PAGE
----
Changing Lanes

There is something to be said for the steady pace of a semester and the studio ritual of rethinking, redesigning, losing faith in a project, regaining it and, ultimately, bringing something to a final review that, in truth, represents two weeks worth of hustle. But there is also something to the architectural tradition of a charette, of a timed drawing or a mad dash to the finish line that does not indulge in re-anything, but identifies a gut reaction and relies on an agile skill-set to make the photo finish.

The opportunity Lebbeus Woods, Winka Dubbeldam, and I had in organizing two studio modules this past summer was an opportunity for us as educators to test the core skills of exiting graduate students and push them to realize their true creative metabolism which can no longer be wed to the idyll of a semester crawl, but to an office’s impacted timetable. It was also our chance to look at a curriculum’s ability to edit and get mercilessly to the point.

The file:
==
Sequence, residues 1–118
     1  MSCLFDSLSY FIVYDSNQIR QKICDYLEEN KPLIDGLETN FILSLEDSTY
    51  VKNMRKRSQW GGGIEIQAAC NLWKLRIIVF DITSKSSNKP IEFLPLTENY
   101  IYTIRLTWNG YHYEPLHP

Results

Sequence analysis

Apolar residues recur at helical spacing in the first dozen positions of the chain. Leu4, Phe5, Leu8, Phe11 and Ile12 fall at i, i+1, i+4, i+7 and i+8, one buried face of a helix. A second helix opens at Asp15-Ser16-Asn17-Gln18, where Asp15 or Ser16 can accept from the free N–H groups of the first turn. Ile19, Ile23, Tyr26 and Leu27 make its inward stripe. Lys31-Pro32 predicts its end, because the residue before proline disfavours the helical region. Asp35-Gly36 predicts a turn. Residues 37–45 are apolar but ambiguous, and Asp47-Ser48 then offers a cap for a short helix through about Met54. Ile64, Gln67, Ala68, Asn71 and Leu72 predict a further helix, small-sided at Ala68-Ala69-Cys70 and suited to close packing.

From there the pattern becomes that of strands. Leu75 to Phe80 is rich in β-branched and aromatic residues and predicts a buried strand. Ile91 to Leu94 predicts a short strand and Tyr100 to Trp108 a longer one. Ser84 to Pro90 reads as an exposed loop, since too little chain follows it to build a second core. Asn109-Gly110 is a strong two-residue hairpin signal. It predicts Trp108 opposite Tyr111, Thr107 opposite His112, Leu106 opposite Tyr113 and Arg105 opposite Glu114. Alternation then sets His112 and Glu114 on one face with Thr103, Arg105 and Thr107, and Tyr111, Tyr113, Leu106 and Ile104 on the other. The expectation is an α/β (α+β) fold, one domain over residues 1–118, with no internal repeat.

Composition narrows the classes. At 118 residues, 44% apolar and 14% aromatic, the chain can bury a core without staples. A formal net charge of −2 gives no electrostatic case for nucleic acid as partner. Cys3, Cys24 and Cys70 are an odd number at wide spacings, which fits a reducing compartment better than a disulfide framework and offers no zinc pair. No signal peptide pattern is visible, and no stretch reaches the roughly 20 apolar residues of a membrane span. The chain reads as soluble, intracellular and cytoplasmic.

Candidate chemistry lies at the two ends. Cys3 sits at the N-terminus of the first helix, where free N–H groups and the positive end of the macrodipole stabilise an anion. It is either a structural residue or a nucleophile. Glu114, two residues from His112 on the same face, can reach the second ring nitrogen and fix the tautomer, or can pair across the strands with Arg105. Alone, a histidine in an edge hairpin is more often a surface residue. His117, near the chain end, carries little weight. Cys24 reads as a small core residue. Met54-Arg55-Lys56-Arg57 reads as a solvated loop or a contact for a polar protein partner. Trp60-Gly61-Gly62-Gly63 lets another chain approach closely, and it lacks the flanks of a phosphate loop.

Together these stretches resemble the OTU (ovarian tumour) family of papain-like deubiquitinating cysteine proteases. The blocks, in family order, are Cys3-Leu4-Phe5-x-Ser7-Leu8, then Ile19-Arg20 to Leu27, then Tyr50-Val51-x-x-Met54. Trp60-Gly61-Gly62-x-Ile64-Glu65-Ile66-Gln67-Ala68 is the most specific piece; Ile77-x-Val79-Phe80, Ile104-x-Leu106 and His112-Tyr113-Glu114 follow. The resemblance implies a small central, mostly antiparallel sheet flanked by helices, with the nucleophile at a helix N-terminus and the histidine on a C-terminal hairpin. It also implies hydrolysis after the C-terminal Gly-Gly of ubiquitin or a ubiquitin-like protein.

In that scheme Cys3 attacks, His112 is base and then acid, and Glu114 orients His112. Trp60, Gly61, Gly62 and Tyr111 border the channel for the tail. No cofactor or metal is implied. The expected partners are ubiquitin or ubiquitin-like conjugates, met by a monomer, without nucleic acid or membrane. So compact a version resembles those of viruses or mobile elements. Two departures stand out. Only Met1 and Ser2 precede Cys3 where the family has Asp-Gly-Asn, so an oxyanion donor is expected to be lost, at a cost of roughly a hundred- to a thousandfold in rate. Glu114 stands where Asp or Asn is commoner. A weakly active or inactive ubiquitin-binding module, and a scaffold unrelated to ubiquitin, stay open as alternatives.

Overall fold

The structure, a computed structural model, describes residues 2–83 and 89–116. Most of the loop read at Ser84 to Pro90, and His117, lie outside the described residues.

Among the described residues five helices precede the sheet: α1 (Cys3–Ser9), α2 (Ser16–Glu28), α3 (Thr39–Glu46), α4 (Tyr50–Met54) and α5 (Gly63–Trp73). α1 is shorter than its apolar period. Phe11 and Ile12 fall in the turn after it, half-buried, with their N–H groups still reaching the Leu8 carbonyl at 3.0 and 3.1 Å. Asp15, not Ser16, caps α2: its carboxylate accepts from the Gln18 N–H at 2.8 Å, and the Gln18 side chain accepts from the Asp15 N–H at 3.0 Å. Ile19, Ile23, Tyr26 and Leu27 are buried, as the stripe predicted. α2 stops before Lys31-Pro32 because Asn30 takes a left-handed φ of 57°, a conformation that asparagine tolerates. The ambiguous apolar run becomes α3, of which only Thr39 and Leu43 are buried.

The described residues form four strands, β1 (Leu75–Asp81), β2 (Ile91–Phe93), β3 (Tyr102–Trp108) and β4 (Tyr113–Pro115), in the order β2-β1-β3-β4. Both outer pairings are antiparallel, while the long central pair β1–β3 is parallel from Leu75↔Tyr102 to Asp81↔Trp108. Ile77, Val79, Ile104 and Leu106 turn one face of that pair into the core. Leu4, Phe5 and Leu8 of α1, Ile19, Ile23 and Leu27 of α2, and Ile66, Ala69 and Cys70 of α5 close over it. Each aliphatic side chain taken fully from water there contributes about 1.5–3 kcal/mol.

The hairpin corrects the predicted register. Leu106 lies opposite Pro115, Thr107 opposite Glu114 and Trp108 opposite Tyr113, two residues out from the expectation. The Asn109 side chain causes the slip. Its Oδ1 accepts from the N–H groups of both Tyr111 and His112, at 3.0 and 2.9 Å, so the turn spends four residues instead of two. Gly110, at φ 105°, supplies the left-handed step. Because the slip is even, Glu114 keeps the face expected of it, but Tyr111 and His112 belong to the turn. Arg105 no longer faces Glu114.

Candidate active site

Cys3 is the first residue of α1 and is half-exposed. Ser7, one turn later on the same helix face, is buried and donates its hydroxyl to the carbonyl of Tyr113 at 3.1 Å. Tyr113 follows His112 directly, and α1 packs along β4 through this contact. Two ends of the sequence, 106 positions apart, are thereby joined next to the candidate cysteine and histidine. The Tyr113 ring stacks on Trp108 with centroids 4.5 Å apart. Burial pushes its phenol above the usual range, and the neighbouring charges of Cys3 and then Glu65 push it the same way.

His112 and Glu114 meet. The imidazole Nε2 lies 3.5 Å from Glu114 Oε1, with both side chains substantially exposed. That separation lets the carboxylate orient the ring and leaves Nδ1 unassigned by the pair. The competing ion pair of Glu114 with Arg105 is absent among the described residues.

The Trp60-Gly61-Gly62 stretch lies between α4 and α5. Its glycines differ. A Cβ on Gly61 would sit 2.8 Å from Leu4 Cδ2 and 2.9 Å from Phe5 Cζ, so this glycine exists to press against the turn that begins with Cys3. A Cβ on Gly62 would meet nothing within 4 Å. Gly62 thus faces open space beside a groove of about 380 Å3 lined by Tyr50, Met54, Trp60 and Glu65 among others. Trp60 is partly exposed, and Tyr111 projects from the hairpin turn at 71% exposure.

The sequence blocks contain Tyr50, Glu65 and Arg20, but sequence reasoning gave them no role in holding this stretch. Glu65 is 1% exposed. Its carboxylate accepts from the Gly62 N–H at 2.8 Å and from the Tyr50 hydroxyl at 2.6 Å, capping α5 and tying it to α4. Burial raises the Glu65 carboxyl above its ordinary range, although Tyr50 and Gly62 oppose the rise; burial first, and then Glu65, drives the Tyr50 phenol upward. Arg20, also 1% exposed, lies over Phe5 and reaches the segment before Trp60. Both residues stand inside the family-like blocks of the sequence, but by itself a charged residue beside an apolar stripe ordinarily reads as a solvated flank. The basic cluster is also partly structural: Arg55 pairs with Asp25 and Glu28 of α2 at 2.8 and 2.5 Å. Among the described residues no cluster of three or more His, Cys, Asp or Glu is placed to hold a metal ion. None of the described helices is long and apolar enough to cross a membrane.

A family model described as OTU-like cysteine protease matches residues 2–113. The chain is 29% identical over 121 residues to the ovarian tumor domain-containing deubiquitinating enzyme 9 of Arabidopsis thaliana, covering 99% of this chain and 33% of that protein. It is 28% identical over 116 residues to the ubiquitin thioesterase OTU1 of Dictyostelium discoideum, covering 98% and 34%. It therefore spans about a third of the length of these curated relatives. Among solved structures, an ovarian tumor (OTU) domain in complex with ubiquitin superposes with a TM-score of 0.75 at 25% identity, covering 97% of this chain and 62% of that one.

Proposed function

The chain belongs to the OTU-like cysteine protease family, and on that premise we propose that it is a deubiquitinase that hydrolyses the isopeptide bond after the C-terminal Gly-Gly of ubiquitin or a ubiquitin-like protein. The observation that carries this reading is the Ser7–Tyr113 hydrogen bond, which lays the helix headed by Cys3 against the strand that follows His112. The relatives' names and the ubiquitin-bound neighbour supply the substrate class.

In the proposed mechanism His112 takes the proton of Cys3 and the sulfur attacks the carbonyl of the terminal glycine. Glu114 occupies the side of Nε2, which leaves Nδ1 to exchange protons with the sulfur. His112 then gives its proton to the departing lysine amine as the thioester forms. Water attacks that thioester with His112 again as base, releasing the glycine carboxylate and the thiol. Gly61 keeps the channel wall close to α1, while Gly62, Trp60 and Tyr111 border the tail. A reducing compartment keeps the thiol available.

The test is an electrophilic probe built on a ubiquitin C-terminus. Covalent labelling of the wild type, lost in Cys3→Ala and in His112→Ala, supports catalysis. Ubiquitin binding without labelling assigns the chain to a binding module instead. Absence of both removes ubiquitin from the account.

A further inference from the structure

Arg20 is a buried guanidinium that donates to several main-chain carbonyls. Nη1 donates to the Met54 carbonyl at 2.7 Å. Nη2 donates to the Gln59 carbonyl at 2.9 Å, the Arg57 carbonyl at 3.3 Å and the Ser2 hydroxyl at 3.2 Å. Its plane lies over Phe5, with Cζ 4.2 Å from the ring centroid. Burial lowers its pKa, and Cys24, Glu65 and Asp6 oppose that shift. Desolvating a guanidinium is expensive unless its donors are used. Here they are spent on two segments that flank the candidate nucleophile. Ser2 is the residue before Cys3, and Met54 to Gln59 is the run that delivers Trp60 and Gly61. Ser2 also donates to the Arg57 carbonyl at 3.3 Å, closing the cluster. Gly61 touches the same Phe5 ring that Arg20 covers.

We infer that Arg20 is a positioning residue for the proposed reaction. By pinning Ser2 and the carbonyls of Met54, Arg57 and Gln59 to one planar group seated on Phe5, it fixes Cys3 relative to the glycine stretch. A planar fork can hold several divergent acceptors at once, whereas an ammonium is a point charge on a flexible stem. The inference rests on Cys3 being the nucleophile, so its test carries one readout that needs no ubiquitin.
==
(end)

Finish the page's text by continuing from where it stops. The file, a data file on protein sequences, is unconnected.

Architecture = architecture

What you see in the coming pages is a test of wills, reflexes, and identity. Students come out of their first module with what Lebbeus called unmediated work, schemes to connect the city to to the sky (from “Earth to the Stars”) where the section’s scale became silhouette. The seminar interim before the second module energized the students enough to propel their next work which dealt with the site and a program of the student’s choosing. This could have been a disaster, choice always slows things down, but the metronome ticked quickly and the options were clear: finish of fail. Everyone finished.

Our approach could not be applied to a core education, not anymore. It was appropriate for a last graduate studio where a thesis is not entertained, where research is rooted in the city and the seminars that treat it as preludes to a creative exercise. The stunning thing, of course, is that work could stand up next to the output of a semester. But that was not our goal. We wanted to give these students – on the eve of taking their post-professional degrees – supreme confidence. There is no better way to accomplish this than showing them what they can do in three-week sprints. That is the span of schematic design in an indulgent office.

Architecture ≄time